The victories secured a perfect season for the men's crew program, along with the first repeat title for Washington in more than 70 years. The national championship also was the fourth in six years for the Huskies, and the 15th overall for the program.
Washington also won its sixth straight Ten Eyck trophy, given annually to the overall points champion at IRAs. Teams can win the Ten Eyck trophy without winning the national title.
No school has swept all five Grand Finals since the IRA began hosting all of the events -- the varsity eight, second varsity eight, freshmen eight, varsity four and open four.
Washington's varsity eight oarsmen rowed with special motivation at this year's IRAs, dedicating their efforts to seniors William Peter Allen, who passed away earlier this season, and co-captain Mathis Jessen, who had to remain at home because of an illness.
"You knew it was all coming down to this race," said senior bow man Rob Munn, who added the crew had trouble gauging the competition. "We don't race a lot of the crews from the East Coast."
As the UW varsity eight crossed the line, each of the oarsmen threw their arms in the air and let out roars that echoed through the grandstands of the course. Aided by a stiff tailwind, their time of 5:21.48 shattered the previous best on the Cooper River.
"They really wanted to find themselves," men's crew coach Michael Callahan said of his varsity eight. "This is a whole new boat. They really wanted to be known for their own accomplishments. Now they have a record."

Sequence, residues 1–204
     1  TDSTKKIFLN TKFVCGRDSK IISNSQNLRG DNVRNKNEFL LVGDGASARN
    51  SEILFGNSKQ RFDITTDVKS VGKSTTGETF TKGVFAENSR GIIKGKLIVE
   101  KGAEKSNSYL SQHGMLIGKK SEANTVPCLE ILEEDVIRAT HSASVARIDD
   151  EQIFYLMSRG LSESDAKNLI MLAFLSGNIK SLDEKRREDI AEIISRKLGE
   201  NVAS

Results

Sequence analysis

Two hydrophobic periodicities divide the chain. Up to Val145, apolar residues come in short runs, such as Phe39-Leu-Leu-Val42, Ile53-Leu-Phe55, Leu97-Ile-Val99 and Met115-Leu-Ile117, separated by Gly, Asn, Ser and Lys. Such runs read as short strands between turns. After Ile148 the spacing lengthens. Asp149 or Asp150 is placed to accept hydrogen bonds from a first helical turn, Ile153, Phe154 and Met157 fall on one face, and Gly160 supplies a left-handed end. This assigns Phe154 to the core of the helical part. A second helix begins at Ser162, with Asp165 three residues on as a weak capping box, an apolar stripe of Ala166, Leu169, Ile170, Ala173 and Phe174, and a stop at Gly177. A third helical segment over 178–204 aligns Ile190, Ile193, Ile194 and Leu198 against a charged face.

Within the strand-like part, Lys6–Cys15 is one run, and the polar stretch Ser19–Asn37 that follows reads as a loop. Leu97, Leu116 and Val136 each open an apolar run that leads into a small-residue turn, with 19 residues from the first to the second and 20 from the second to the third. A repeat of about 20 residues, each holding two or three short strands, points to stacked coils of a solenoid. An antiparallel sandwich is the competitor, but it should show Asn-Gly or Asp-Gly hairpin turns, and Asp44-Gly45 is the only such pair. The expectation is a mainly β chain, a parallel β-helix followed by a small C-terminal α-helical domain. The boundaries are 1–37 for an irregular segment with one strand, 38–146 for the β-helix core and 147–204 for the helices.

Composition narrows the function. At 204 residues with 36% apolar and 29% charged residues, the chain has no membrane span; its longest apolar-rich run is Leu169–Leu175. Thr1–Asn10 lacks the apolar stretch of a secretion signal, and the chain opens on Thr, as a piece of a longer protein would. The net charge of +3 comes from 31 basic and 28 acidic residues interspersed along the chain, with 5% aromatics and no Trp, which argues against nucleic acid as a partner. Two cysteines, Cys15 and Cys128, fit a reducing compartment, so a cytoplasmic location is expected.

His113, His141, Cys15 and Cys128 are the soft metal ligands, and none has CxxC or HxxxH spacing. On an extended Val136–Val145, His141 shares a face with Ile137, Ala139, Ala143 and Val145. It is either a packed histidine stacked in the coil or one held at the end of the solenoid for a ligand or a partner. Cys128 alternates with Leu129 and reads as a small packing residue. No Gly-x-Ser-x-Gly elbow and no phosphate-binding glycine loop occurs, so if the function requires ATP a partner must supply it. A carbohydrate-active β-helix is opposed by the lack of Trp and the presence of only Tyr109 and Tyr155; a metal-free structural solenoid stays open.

The Huskies had an assault on their nerves at the start of the race when another crew committed a false start. But b Munn pointed out this was a silver lining for the Huskies, who were sloppy when the flag initially dropped. The Huskies next start was much improved.
"We talked that champions stay composed," Callahan said. "And they did."
Coming into the final varsity eight race of the season, the Huskies were focused and determined to be methodical about managing all aspects of the Grand Final, be it a tailwind, whitecaps or opposing crews bent on playing mental games.
"Coming into this, we knew we had only one opportunity," senior coxswain Sam Ojserkis said. "We've been ready for this all year."
In a race much like Thursday's heat, UW open four rowers had to tap into their reserves to overcome Wisconsin at the finish. Trailing the Badgers by a seat going into the final 700 meters of the race, the Huskies called a sprint. As sophomore coxswain Josh Klein said after the race: "it was now or never time. We had to move."
Wisconsin couldn't match the effort.
The varsity four grand final also played out in similar fashion.
UW took a lead at the start and then fell behind California. But the Huskies raised the tempo and used the momentum to pull away from Cal and finish almost three seconds ahead of the Golden Bears.
UW's freshmen eight pulled away from Cal with 750 meters to go, finishing in a sprint. It took a while for the results of this Grand Final to become official because another crew protested that their performance was hampered by geese that had wandered onto the course.
After almost an hour of deliberation, the times were upheld.
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